While the stock market has a relatively quiet period every August, the space industry has been buzzing with activity, from recent SPACs to upcoming IPOs.
Spacetech’s SPAC trend arguably began in 2019, when Virgin Galactic merged with a special purpose acquisition company that was already trading on the NYSE. Then came SPAC deals for other space companies, many of which make small satellites.
Astra Space went public in July after announcing a SPAC merger in February, bringing its valuation up to $2 billion. Spire, another small satellite company, went public in August after raising $265 million. Satellite imagery company BlackSky also took the SPAC route, raising $283 million in its NYSE debut on Monday.
There’s still plenty of SPAC skepticism among investors, who view the blank-check deals as a risky way to bypass the IPO process, which typically requires more time, money and red tape. Because SPACs are just companies that have already gone public via IPO, space startups are seeing them as a shortcut to get publicly traded.
Spacecraft maker Rocket Lab is one of spacetech’s bigger public debuts this year. The company announced a SPAC merger last month, making its public debut on the Nasdaq on August 25. Rocket Lab’s valuation soared to $4.8 billion after the deal, and it plans to use its $777 million in proceeds to build Neutron, a larger rocket comparable to a Russian Soyuz, which would position it as a worthy competitor to Elon Musk’s SpaceX.
Peter Beck, who has already been called “the New Zealand Elon Musk,” founded the company in 2006, and much like Musk’s SpaceX, Rocket Lab builds every vehicle in-house from scratch. The company is also partnering with NASA for two upcoming missions — one called CAPSTONE that will send astronauts to the lunar surface, and the other, ESCAPADE, that will send two spacecraft to explore Mars.
Virgin Orbit, not to be confused with Richard Branson’s other space company, Virgin Galactic, announced last month that Boeing would invest in its upcoming $3.2 billion SPAC. Boeing already invests in Virgin Galactic, which deals in space tourism as opposed to Orbit’s satellite-launching focus.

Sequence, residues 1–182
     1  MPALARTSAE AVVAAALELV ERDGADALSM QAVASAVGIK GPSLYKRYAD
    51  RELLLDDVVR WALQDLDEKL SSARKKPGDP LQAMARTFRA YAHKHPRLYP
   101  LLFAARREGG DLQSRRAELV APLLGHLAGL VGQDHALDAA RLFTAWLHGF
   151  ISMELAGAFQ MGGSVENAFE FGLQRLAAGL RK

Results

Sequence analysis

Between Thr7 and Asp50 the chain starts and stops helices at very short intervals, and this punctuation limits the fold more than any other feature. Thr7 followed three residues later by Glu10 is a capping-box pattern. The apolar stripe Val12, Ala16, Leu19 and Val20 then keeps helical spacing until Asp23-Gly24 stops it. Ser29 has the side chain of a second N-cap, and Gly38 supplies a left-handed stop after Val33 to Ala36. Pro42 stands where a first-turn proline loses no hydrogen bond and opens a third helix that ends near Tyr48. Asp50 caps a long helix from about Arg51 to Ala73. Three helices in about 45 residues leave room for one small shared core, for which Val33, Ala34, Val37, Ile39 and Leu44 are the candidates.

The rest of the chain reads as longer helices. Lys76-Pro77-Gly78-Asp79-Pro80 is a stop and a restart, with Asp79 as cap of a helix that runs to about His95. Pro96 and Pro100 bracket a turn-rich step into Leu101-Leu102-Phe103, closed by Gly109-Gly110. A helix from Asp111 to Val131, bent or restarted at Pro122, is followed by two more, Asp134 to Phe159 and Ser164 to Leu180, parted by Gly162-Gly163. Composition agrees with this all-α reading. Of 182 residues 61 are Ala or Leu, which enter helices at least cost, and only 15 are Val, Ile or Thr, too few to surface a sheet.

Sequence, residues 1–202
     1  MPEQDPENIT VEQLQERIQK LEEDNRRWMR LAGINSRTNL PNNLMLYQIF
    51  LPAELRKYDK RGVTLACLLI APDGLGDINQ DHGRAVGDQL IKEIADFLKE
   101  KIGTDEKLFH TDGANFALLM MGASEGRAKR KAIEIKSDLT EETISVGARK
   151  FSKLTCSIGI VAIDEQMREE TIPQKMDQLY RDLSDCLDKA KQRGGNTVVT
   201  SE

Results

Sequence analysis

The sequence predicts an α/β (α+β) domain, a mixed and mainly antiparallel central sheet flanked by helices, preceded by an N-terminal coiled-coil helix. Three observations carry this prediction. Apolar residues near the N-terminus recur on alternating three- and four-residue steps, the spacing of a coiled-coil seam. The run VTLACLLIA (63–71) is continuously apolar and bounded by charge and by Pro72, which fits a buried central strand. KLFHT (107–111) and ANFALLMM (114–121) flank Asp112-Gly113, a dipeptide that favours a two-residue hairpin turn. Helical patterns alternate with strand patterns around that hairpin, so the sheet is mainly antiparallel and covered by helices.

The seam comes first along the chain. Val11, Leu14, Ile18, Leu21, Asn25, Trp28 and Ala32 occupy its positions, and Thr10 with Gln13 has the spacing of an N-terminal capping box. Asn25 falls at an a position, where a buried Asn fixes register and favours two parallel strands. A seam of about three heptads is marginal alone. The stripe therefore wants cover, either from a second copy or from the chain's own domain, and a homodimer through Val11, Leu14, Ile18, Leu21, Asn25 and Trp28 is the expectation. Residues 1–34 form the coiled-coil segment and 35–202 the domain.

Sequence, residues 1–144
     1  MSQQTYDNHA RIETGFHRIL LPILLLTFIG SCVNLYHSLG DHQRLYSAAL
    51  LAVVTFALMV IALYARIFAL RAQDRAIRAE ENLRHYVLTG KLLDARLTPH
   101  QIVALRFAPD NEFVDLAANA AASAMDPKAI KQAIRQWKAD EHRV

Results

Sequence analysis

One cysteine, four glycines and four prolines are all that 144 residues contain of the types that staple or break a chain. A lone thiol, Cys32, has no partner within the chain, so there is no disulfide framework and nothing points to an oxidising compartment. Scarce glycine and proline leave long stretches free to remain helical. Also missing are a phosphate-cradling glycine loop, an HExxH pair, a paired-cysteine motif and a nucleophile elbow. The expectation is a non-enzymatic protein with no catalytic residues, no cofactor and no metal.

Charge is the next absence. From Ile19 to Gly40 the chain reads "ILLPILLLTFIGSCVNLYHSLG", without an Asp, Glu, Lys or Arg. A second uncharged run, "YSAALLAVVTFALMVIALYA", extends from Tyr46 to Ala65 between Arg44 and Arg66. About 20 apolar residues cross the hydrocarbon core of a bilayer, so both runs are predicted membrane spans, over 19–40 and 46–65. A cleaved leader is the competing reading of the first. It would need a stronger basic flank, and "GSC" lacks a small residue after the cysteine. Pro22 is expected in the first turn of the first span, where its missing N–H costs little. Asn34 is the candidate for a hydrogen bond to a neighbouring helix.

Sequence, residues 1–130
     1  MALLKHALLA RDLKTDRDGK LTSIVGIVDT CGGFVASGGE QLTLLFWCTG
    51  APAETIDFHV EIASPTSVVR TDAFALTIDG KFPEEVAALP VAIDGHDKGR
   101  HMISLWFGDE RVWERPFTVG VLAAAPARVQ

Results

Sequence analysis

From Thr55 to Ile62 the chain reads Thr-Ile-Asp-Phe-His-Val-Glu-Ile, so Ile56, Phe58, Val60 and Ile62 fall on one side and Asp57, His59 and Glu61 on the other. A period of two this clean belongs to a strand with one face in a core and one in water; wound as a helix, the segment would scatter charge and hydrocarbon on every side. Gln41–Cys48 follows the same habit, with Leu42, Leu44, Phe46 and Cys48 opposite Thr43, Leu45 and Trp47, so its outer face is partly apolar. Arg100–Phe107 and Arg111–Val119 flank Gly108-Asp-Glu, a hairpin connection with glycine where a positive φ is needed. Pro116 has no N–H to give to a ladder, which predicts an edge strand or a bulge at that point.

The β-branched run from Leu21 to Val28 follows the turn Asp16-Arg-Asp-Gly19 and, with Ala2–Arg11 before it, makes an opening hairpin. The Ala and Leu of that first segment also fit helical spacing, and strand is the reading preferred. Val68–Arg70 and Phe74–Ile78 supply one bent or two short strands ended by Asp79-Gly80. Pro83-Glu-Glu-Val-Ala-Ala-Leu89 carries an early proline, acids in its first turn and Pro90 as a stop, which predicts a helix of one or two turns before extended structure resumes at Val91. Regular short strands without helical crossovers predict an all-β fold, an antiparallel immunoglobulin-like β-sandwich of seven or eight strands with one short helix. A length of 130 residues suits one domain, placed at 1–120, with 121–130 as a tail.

One of Virgin’s unique features is its launch method: Instead of a vertical rocket launch, a converted Boeing 747 launches a rocket into orbit carrying the company’s satellites. Branson used the same launch method for his infamous spaceflight in July.
It’s not clear exactly when Virgin Orbit will go public, but the company is well on its way to becoming a rival of SpaceX, which currently dominates 30% of the $9 billion launch market.
Unlike most space startups going public, Voyager is planning an IPO as opposed to a SPAC. The Denver-based company is aiming for a $1 billion valuation, and plans to make its debut in early 2022. It’s currently working on raising capital with the help of JP Morgan, according to CEO Dylan Taylor.
Voyager is also much younger than most other space companies. Founded in 2019 by Steve Ehrlich, Voyager specializes in TK. The company has also used its capital to buy up smaller space tech firms — most recently a majority stake in Nanoracks, which built the first private airlock on the International Space Station.
Not all SPAC mergers go smoothly, as was the case with Momentus, a space company that makes water-based plasma engines, among other products. Momentus completed its deal and went public in August after a year of negotiations which resulted in the departure of its founders and a new CEO, John Rood. The original founders, Mikhail Kokorich and Lev Khasis, who are both Russian, were ousted after unspecified national security concerns were raised.
But Momentus’s problems didn’t end there. Its valuation was slashed in half from $1.1 billion to $567 million, followed by an $8 million SEC fine. According to the SEC, Momentus misled investors and falsified results from a 2019 prototype test. The company posted no revenue last year or this year, and expects just $5 million in revenue in 2022.